The climatic conditions of the place you live can directly influence how humid your home gets. For example, in Florida, the humidity in a home will be higher than that of a home in New England. In Texas, where it is hot like Florida, it is dry. If you live in a climate that has high humidity like Florida, it is most likely your home will also be humid.

Coastal areas and areas that experience high rainfall will also impact the humidity levels in your home.

3. Everyday Activities

Our daily activities can also increase the moisture in our homes. This is especially if these activities give off a lot of moisture. Some activities that can increase humidity in your home include taking long hot showers, boiling water or cooking, drying laundry inside, and using gas heaters.

Taking a shower makes bathrooms often very humid places. As the moisture mixes with air, it can move to other areas in your home, thus increasing the humidity. One way of tackling moisture from taking baths is by installing a bathroom exhaust fan. A bathroom exhaust fan, unlike normal fans, works by pulling out excess moist air outside and limiting moisture build-up in your home. Taking cold shorter showers when possible can also reduce the moisture released into the air.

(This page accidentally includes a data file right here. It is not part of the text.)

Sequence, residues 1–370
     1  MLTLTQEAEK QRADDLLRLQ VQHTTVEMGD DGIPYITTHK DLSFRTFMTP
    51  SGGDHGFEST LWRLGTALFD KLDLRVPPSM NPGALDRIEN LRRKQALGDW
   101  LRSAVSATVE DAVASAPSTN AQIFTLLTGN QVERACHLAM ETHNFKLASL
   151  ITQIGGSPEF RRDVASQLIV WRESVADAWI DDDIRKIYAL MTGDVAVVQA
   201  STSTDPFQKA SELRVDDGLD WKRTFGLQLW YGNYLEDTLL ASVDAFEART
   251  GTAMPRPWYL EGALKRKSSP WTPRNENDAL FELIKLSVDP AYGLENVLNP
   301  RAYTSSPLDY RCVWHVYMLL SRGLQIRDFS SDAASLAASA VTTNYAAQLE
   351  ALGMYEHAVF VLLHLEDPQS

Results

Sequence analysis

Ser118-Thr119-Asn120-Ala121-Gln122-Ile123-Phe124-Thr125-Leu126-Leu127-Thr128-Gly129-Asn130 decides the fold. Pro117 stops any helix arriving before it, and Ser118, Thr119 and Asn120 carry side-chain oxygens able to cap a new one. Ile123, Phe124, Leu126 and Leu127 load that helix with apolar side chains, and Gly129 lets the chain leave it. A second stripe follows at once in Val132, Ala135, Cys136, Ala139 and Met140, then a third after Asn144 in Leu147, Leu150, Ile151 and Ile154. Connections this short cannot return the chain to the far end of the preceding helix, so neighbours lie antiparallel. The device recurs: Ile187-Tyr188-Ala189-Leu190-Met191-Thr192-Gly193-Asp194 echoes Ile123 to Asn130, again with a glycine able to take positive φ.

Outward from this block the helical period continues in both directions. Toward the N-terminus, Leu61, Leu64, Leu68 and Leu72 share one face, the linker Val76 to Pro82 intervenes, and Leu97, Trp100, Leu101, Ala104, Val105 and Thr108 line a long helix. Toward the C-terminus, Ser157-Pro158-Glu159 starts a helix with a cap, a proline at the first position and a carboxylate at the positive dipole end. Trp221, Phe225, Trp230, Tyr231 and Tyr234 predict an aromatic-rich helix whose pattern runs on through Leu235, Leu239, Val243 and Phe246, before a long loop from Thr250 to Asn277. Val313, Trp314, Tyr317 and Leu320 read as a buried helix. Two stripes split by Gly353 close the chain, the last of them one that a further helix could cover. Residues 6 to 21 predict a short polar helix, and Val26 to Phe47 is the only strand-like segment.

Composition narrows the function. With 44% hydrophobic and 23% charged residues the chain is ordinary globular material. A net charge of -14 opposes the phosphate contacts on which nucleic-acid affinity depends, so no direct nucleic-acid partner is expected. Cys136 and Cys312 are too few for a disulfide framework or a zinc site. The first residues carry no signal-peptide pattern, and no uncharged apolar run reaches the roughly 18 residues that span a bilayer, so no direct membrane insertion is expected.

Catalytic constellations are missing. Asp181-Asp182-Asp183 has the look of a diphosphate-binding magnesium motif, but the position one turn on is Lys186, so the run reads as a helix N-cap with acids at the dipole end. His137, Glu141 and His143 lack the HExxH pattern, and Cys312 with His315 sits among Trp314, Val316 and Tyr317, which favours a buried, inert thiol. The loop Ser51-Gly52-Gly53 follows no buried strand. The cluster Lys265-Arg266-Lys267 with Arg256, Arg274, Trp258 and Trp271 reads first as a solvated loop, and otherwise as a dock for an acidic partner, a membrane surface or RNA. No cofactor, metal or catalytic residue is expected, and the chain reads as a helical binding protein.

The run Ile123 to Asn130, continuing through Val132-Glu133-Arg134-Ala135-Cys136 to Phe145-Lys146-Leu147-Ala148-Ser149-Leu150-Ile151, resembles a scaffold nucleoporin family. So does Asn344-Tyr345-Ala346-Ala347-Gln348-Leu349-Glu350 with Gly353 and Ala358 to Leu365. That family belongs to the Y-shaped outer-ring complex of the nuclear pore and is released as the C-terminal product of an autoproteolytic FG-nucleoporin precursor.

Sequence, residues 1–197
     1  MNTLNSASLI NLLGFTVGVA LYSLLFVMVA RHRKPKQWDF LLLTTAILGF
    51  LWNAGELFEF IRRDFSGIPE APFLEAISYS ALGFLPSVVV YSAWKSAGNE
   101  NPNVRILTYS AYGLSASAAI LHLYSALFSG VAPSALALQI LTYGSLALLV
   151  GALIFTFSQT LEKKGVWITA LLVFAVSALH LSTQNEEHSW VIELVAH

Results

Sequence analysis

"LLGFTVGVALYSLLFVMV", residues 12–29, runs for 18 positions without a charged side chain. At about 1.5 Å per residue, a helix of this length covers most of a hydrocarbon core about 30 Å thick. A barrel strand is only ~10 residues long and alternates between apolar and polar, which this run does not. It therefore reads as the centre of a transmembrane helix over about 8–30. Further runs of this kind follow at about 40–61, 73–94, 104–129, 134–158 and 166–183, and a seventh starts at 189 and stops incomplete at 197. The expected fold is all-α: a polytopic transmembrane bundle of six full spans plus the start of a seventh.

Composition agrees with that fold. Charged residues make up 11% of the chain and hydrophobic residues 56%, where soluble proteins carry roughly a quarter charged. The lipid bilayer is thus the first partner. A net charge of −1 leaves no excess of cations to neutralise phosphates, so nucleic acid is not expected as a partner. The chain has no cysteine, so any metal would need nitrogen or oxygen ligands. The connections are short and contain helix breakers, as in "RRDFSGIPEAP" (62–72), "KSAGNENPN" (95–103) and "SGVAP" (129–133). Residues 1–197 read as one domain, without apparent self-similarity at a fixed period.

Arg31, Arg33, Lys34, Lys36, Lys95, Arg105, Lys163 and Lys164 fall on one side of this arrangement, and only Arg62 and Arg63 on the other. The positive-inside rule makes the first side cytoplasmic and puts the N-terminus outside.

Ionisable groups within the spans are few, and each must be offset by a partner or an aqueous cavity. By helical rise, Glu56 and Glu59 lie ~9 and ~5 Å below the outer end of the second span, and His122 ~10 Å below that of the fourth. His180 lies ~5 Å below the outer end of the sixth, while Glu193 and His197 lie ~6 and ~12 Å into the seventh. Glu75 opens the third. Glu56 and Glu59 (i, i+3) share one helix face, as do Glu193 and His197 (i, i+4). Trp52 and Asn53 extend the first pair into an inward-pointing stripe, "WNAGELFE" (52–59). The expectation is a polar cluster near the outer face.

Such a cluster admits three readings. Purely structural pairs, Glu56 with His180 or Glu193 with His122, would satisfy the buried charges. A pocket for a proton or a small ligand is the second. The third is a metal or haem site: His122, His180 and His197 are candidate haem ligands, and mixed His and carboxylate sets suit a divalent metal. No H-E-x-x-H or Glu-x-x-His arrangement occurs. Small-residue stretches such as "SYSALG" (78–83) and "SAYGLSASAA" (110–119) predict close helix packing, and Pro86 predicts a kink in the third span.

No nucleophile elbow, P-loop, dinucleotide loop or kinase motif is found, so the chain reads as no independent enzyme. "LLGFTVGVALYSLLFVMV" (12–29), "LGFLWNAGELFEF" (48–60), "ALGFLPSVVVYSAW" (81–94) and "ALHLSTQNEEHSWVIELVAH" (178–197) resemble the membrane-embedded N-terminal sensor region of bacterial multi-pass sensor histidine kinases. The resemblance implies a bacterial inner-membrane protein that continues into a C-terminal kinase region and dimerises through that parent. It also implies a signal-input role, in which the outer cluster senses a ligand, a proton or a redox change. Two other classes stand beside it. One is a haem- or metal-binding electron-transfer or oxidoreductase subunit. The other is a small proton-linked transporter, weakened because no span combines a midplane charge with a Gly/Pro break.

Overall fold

Tea kettle with boiling water
Tea kettle with boiling water

Boiling water or cooking can also add moisture to the air as the water evaporates. Installing a kitchen exhaust hood can help direct excess moisture outside. Slow cookers, which give off less moisture than stovetop cooking and oven, is also a good way to go.

Gas heaters can also contribute to moisture problems because they release water vapor as a byproduct of combustion. If a room is not properly ventilated, or the gas heater is not flued, the water vapor and other combustion pollutants will be released directly into the room.